First Trailer: Netflix’s ‘The Irregulars’ is a Sinister Slice of Holmesian Intrigue

Though the Baker Street Irregulars appeared in only two Sherlock Holmes novels – A Study in Scarlet, The Sign of the Four – and one short story, The Adventure of the Crooked Man, they have since achieved a sort of mythical status, finding their way into television, film, board games, video games, and even onto the theatrical stage. The BBC actually created the first series based on them, called The Baker Street Boys, all the way back in 1983.

Now Netflix is bringing them for the first time into the world of 21st Century streaming, with the new, concisely titled series The Irregulars, premiering March 26. It follows the visually ragtag yet efficient, and even paranormal Victorian street gang of the same name, who act as clandestine informants for Holmes and Watson, keeping them enlightened as to the dubious goings on in the most shadowy corners of London. The first trailer opens with an appropriately gothic looking image of a smog-plagued capital, with St. Paul’s Cathedral choking in the background. A voice is heard insisting, “Your sister has a gift. She can see things other people cannot,” over a shot of said character, Jessie (played by Darci Shaw) staring down an alleyway at a boy who may or may not be there. So, yes, there’s an intriguingly supernatural element to this telling of the story.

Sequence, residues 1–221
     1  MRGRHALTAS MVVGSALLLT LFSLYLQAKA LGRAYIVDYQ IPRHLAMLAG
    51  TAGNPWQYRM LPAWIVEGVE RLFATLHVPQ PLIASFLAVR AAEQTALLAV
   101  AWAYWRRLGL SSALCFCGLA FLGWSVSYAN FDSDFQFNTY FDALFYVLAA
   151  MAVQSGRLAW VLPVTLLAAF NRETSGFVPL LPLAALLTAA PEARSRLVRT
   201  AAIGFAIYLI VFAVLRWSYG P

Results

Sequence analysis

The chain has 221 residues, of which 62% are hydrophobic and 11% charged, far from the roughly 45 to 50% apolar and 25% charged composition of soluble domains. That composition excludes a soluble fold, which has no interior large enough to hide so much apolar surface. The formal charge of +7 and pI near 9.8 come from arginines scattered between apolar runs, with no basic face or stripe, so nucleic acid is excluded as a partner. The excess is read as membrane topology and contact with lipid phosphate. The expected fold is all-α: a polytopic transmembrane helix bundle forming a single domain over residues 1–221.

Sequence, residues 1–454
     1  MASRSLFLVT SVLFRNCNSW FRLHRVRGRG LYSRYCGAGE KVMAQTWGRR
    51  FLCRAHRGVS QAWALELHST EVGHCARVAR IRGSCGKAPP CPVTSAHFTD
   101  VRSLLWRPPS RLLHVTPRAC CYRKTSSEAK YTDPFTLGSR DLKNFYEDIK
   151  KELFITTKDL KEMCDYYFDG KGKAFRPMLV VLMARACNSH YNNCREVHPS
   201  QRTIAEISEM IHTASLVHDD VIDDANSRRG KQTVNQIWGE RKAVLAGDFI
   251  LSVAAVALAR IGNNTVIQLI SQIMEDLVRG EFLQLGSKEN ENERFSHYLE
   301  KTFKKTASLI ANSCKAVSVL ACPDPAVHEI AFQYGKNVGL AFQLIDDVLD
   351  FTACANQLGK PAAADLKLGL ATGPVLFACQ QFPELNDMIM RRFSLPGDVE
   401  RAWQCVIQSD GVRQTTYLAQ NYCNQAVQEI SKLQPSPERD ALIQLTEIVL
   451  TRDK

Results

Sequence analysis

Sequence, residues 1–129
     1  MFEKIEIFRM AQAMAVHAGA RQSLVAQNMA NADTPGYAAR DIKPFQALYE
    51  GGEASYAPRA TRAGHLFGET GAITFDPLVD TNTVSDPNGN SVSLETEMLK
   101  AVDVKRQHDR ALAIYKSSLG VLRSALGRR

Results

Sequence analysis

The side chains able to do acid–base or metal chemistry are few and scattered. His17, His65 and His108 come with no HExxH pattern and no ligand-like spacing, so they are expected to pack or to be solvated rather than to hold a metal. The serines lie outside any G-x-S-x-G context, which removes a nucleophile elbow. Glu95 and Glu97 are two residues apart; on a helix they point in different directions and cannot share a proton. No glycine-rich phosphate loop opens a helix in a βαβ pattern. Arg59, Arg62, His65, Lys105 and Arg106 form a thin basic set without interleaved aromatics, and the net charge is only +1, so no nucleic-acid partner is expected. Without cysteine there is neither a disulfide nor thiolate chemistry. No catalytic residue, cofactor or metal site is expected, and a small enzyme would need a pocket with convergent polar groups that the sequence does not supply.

As things get weirder, Thaddea Graham’s Bea queries bluntly, “What in the hell have you got us involved in?” But as with all Holmes stories, naturally, one really has no idea until the end. In the meantime, there are swarms of sinister birds, arms reaching out from graves, well-attired corpses with eyes gouged out, and lots of ominous looking skies looming over the grey, grimy streets of 19th Century London.

Which can only lead one to conclude that what we have here is basically the genuinely punk version of Sherlock Holmes that Guy Ritchie accidentally forgot to make.

Latest in ARTS & CULTURE

ARTS & CULTURE

On Repeat: FKA twigs + Central Cee’s ‘Measure of a Man’ Wants to Bridge the Gender Divide

ARTS & CULTURE

Cinematic Candy: Why Paul Thomas Anderson’s ‘Licorice Pizza’ Will Sweeten Your Season

ARTS & CULTURE

Seven Questions w/ Rising South African Songstress Kaien Cruz

ARTS & CULTURE

Interview: Director Nathalie Biancheri on Her Dysphoric New Film ‘Wolf’

ARTS & CULTURE

Interview: Jamaican Songstress Ammoye on Consciousness, Rebirth & Being a ‘Soul Rebel’

ARTS & CULTURE

BlackBook Premiere: Dreamy New AJ Lambert Single + Video ‘Kimmi in a Rice Field’

ARTS & CULTURE

Mandy El-Sayegh’s Provocative ‘Figure One’ Exhibition Opens at Thaddaeus Ropac Paris Marais

ARTS & CULTURE

Sotheby’s Paris Will Hold Sale of Major Modernist & Impressionist Works